Researchers at the University of Tokyo and Aberdeen University have identified the master switch for formation of the Casparian strip, a special structure in the root that plays an important role in nutrient uptake. The Casparian strip is made of lignin, the main component of wood, deposited in a particular location the anticlinal cell wall in between endodermal cells in the root. By filling the gap between cells, the Casparian strip prevents harmful materials from entering into plants and also prevents leakage of nutrient from roots.
Casparian strip CS is an impregnation of endodermal cell wall, forming an apoplastic diffusion barrier which forces the symplastic and selective transport of nutrients across endodermis. This extracellular structure can be found in the roots of all higher plants and is thought to provide the protection of vascular tissues. In Arabidopsisa genetic toolbox regulating the formation of Casparian strips has emerged recently.
In a growing plant root, the inner vascular system is sealed off by an epithelium, the endodermis. The space between all of the cells in the endodermal layer is filled with an impermeable mass called the Casparian strip, which closes the spaces between cells in the endodermal layer. The role of the Casparian strip has been proposed to prevent backflow of water and nutrients into the soil, but as mutant plants lacking the Casparian strip only have weak phenotypes, the view that it serves an essential function in plants has been challenged.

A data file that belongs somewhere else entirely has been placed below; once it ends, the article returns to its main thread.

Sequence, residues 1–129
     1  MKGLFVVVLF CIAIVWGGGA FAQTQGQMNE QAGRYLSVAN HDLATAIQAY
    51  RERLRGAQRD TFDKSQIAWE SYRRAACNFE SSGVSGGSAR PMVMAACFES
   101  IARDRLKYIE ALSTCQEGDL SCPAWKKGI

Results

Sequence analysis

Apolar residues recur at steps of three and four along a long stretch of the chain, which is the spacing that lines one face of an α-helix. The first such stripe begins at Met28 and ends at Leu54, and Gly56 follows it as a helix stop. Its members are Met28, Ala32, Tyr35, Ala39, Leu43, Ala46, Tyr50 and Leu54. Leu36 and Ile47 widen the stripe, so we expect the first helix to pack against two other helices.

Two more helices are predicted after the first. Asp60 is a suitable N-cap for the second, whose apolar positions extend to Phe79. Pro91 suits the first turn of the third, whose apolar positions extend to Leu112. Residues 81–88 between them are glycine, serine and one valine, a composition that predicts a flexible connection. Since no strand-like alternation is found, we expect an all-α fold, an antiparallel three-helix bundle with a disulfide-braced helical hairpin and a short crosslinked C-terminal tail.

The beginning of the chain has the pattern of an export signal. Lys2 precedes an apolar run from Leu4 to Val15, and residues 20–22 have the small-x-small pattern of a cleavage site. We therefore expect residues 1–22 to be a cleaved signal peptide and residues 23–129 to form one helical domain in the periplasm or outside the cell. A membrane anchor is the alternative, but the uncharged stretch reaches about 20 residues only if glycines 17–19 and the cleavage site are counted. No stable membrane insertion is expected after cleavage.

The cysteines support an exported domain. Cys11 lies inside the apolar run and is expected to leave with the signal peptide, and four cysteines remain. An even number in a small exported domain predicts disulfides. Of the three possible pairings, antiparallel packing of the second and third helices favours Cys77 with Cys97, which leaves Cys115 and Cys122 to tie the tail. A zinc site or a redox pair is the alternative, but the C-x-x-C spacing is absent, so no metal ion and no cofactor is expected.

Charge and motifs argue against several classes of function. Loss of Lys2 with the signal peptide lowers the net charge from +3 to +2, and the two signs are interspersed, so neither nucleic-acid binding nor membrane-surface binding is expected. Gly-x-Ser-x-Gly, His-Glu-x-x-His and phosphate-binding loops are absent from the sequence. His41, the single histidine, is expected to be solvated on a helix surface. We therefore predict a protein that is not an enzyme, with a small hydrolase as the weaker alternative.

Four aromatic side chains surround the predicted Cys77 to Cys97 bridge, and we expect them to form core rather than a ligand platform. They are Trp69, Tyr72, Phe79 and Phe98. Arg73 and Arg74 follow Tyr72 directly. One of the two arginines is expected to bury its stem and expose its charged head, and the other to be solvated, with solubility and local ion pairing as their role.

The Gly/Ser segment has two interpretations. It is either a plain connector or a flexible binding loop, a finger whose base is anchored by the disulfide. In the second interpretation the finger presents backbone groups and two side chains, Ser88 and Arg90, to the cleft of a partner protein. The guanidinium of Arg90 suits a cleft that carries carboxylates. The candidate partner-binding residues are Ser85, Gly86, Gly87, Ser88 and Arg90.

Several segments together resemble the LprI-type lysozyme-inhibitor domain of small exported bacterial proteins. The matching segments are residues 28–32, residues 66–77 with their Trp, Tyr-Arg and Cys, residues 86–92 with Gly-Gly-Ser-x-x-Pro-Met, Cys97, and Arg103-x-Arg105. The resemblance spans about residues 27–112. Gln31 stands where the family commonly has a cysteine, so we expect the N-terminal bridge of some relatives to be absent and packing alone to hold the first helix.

The Casparian strip, which is specific to roots, was studied in the epicotyls of dark-grown seedlings of pea Pisum sativum L. In dark-grown seedlings, the distance between the upper-most position of the Casparian strip and the bending point of the hook about 37 mm did not change during growth of the seedlings. In the uppermost 0. The development of the Casparian strip continued for about 42 h after dark-grown seedlings were transferred to the light, indicating that i the cells that have been determined to form the Casparian strip in darkness form the strip in the light, and that ii it takes about 42 h for the cells to complete formation of the strip.
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Casparian strip A band of suberinan impermeable substance, found in the endodermal cell walls of plant roots; it was named after R. Movement of water through the apoplast pathway is diverted from the cell wall to the cytoplasm, where it then follows the symplast pathway. The endodermal cells actively secrete salts into the vascular tissue.
Lignification and suberization of Casparian strips occurred simultaneously during the development of Cunninghamia lanceolata primary roots. The Casparian strips in the cell walls of vascular plant root endodermis and exodermis cells are vital for the exclusion of salts and pathogens, selective nutrient uptake, and other processes related to the transport and assimilates of water. Despite the importance of Casparian strips, their chemical composition and its relevance to their diffusion barrier functions remain a matter of debate, especially in woody plants.